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Leadership at All Levels

Risk Management in a COVID-19 World

Tricia Kagerer | April 10, 2020

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Orange and white construction sign reads coronavirus

It seems just yesterday that I was preparing for Women in Construction Week (WIC) by writing an article about how women could save the labor shortage in the construction industry, "Supporting Women in Construction." What a difference a pandemic makes. In 3 short weeks, priorities have shifted from bringing much-needed diversity to the construction industry to how our industry and our country can survive the pandemic crisis called COVID-19.

I recently narrowed my writing and speaking focus to two main topics―empowering women in nontraditional workplace roles and dealing with the aftermath of crisis―both focusing on the human side that is often overlooked and forgotten. March started as a high-profile month for both of these topics. The first week of March is dedicated to WIC; the second week of March, I was invited to speak at the Associated General Contractors of America (AGC) and ConExpo Convention in Las Vegas, Nevada. With two purposes in mind, I spent the morning packing for the convention. First, what to wear during my speech called "The Aftermath of Crisis: Identifying and Managing the Human Impact on Survivors, Family, Co-workers, and Community." Second, how do I carve out time to celebrate my 25th wedding anniversary during my 3-day trip? My husband decided to come along so that we could celebrate early.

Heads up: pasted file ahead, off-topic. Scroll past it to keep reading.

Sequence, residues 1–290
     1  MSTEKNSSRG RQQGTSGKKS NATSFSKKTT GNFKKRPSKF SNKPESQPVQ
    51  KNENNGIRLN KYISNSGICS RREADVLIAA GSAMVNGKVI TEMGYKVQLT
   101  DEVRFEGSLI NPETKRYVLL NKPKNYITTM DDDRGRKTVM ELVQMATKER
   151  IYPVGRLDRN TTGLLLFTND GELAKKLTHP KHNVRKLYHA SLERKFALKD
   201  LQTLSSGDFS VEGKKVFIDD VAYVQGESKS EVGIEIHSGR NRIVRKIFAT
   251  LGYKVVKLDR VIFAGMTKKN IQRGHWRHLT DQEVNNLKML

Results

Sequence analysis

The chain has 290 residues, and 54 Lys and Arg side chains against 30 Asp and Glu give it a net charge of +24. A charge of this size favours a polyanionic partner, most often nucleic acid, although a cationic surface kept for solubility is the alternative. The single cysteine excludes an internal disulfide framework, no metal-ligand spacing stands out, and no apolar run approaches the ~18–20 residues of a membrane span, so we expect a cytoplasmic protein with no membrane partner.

Who would have guessed that less than a month later, I would be grateful that we celebrated early because the notion of a trip to Vegas to celebrate anything today is a distant memory? How could I have known just how important the topic of the "Aftermath of Crisis" would be to every one of us living daily through the horrors of the COVID-19 crisis? The world changed, our society changed, and our work environments changed. After this crisis, the lessons learned will reveal themselves. I can only hope that we will emerge stronger.

Proud to Be Essential

The Department of Homeland Security Cyber and Infrastructure division has deemed the construction industry an "essential business." Why is this so? According to construction industry experts, shutting down construction companies means shutting down a mobilized, skilled workforce with access to materials, equipment, and supply chains that can respond to hospital systems, grocery stores, food production facilities, housing, critical infrastructure, and other essential operations that are absolutely necessary during this time. There will be a need to build temporary health facilities and retrofit and expand existing ones.

Additionally, the workforce must remain intact for us to continue natural disaster cleanup areas and be ready to answer the call for help in the wake of any future natural disasters. Mobilizing the men and women of the construction industry will be more expedient if workers continue on the job.

As an essential business, the construction industry must keep our projects running, and most importantly, we must keep our employees safe. The coronavirus creates new challenges for every organization that is deemed essential. As the executive vice president of risk management for Jordan Foster Construction, I find myself in a unique role. I'm very grateful construction is deemed an "essential business." But we have to create a new normal and implement recommended best practices to provide a safe work environment for everyone on our projects.

Emergency Response and Business Continuity Take Center Stage

I have been speaking and writing about the overall need to prepare for emergencies in advance for the past 10 years. Having worked in manufacturing, public entities, and construction, I have found that most organizations were not prepared. The biggest challenge for emergency response planning is the human tendency to think, "That will not ever happen to me." Until it does, companies believe that emergency preparation requires time and effort that they don't really have or want to spend. Why waste money and time to train, implement, and test emergency response efforts when the event may never happen in the first place?